After college, he recorded demo tapes and shopped them, garnering the attention of various publishing companies.
“One of the publishing companies sent me to work at Keith Olsen’s studio with his protege, Peter Love. Keith had produced a wide range of artists, from Fleetwood Mac to AC/DC to Pat Benatar, often with Peter as his engineer. Peter had produced a number of up-and-coming LA bands. I learned so much from both of them. The lessons are invaluable. Keith, in particular, kept reiterating ‘the 10-year rule’. He’d say, ‘You don’t even start to get good until you’ve been at your craft for at least 10 years. Some people take 20.’ Partly competition, because it’s fierce, it takes a lot of trial and error and incredible perseverance. The business can be cutthroat. You have to love what you do.”
Last December; writing for TV
After recording at Olsen’s studio, Goodnight LA, Pete joined a few of the musicians he’d worked with during the sessions, to form the band Last December. They played around LA for several months, honing their sound. Pete’s songs began to take on a new character. Inspired with new songs and a developing sound, they returned to Goodnight LA, with Peter Love as producer, and recorded their first album, “Without Wings”. This caught the attention of music supervisors that put songs in commercials, TV, and film. With their album barely complete, their songs were being contracted for shows like ‘Beverly Hills 90210’, ‘Dawson’s Creek’, and ‘Party of 5’.
“It was incredible. Then we got calls for more songs. When the album came out, it sold 12,000 copies in a matter of months. We didn’t even have a record label.”
They eventually signed to a label. In the long run, it wasn’t the right fit, as they didn’t have the freedom to evolve. Feeling stifled, after four years, they disbanded. Pete continued to write for TV and began producing other artists.
By 2012, Pete recorded new music, and yearned to return to the stage. The Pete RG ‘project’ was born. The name comes from his nickname — his non-Greek friends couldn’t pronounce ‘Argyropoulos’, so they’d call him ‘Argy’. It morphed into ‘RG’.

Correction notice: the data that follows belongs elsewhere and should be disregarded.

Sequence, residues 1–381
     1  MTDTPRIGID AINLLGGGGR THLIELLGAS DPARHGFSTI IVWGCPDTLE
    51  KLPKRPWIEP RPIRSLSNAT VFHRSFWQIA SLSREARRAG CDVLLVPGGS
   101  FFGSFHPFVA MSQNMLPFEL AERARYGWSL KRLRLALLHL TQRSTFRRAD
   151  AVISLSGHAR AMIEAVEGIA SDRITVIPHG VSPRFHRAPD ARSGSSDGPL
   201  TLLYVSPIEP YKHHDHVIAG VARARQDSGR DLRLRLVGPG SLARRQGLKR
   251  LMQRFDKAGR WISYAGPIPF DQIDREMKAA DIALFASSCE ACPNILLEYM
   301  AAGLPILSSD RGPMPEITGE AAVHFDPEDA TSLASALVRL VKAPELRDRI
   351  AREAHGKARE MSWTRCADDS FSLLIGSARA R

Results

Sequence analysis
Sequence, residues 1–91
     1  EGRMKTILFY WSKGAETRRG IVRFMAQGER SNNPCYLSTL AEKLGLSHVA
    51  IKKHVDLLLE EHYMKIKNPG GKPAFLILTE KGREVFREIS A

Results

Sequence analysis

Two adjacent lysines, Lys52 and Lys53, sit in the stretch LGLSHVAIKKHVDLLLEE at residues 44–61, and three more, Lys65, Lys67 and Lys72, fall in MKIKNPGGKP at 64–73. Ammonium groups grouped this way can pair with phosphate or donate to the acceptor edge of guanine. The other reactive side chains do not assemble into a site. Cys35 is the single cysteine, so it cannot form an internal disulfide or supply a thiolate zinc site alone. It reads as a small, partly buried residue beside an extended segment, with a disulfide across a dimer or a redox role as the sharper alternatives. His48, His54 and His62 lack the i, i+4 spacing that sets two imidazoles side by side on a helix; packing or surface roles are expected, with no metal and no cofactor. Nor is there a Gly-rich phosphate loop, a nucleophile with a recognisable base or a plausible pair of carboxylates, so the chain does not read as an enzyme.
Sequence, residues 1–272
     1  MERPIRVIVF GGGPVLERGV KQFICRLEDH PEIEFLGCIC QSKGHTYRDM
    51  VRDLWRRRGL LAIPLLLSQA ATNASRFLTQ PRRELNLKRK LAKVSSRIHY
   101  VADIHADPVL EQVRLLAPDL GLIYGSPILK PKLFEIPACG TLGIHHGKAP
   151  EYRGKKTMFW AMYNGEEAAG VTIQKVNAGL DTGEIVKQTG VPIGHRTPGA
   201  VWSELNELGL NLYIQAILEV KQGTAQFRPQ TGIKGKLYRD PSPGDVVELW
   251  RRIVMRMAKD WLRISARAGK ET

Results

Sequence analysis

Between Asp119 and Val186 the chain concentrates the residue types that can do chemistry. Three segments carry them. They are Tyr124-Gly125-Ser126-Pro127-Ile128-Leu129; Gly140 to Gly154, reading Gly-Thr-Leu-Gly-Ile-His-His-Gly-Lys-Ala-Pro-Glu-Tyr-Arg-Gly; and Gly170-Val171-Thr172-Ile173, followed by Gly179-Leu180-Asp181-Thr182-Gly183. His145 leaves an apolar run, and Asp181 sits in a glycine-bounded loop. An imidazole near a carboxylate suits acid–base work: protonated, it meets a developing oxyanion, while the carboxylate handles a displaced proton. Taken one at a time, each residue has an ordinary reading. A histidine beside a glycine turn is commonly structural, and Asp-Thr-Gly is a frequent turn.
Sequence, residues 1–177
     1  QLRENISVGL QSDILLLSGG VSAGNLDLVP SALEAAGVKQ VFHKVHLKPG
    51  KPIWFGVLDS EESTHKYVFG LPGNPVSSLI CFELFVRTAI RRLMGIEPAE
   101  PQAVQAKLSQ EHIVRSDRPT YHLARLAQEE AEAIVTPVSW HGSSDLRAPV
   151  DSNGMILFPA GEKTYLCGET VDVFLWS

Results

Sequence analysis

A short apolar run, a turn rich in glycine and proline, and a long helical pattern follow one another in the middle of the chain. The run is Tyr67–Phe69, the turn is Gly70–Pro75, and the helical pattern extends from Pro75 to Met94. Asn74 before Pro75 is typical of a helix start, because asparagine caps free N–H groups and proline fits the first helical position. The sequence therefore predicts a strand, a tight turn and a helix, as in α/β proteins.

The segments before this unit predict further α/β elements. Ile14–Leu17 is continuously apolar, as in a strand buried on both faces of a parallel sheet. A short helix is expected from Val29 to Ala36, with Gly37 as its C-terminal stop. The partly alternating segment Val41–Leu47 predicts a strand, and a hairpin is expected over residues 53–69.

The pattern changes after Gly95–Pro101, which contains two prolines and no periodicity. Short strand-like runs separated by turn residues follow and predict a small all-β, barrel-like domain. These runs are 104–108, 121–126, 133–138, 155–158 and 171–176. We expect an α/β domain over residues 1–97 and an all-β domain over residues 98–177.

Pete takes the lead on vocals and guitar. The current band, together since early 2015, includes musicians with impressive pedigrees. Adam Kury, of Candlebox fame, plays bass. He brought in Dave Krusen, the original drummer for Pearl Jam (he played on the first album). Veteran musician Kevin Haaland plays guitar. Brina Kabler, Pete’s fiancee, plays keyboard and sings back-up. She’s also his engineer, co-producer, and, he says, his “musical muse”.
Pete RG’s first EP, ‘Lightning Strikes’, released in Winter 2015, garnered strong college radio play and press. They hit the road soon after. To keep the momentum going, the following October, they released ‘Reaching for the Moon’. Tours of the northeast and the northwest followed.
Released September 23, ‘Tender Souls’ includes five new tracks, plus songs from the two previous EPs. Stylistically, Pete described it as something fans of The National, War on Drugs, Springsteen, and U2 will like.
“Neil Diamond fans actually like what we do, too, because they say I have a similar voice.”
Pete RG will kick off their fall tour in Chicago on October 12 at Schubas, 3159 N Southport Ave, Chicago, IL. Check fall tour dates for shows in your area.
For 10 years, Maria served as the Associate Editor and Senior Writer for The Greek Star newspaper. Her work has been published in GreekCircle magazine, The National Herald, GreekReporter, Harlots Sauce Radio, Women.Who.Write, Neo magazine, KPHTH magazine, and more. Maria has contributed to three books: Greektown Chicago: Its History, Its Recipes; The Chicago Area Ethnic Handbook; and the inaugural Voices of Hellenism Literary Journal.